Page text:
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Appreciating the elegant structure of our world

10/03/2018 02:39:44 PM


Paul Rezendes

When you wake up in the morning, what world do you see, and what relationship do you have with it?
The sun rises and the birds sing. Do you see mechanisms and clockwork? Perhaps a brew of chemicals that has evolved into complex organisms? Selfish DNA seeking only to replicate? And, perhaps, also a fundamentally good and orderly universe where we are at home, despite banishment from innocence, the struggles of living as finite creatures of flesh and need, of blood and spirit, of love and jealousy, of sometimes ugly passion?
Genesis chapters 1-6 (parsha Bereshit) tells us much about how to see our natural and human worlds. Its truth does not compete with science, anthropology or history any more than “she broke her arm because she fell from the tree” is in competition with physics, chemistry or biomechanics.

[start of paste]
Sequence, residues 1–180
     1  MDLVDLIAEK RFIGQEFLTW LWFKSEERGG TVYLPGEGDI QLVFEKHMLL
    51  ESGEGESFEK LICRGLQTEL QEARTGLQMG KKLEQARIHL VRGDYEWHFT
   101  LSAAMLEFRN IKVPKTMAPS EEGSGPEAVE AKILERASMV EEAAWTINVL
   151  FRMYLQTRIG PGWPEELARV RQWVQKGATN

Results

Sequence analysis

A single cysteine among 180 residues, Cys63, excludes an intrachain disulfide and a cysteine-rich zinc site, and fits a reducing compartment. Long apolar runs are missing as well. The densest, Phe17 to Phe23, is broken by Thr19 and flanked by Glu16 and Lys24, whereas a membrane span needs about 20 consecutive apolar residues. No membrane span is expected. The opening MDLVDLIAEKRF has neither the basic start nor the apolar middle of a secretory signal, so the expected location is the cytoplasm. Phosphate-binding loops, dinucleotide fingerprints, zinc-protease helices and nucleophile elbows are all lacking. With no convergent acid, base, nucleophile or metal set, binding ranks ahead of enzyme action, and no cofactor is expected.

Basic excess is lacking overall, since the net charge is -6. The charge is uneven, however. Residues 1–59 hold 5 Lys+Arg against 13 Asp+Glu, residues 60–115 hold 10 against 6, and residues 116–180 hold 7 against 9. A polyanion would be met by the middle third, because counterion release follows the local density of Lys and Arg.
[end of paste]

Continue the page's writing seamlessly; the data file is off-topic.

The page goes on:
Myth, mysticism or metaphysics: these stories frame our interaction with the world and with each other. Reading Genesis does not require that we regress to the Bronze Age. But perhaps it offers us a framing for appreciating the elegant structure of our world, the beauty of its plant and animal life and our relationships with each other and with God? Perhaps it leads us to some truth - ideas for living-in-the-world - to which even the Bronze Age had already laid hold.
Paul Rezendes is a member of Temple Shalom.

Wed, June 19 2019 16 Sivan 5779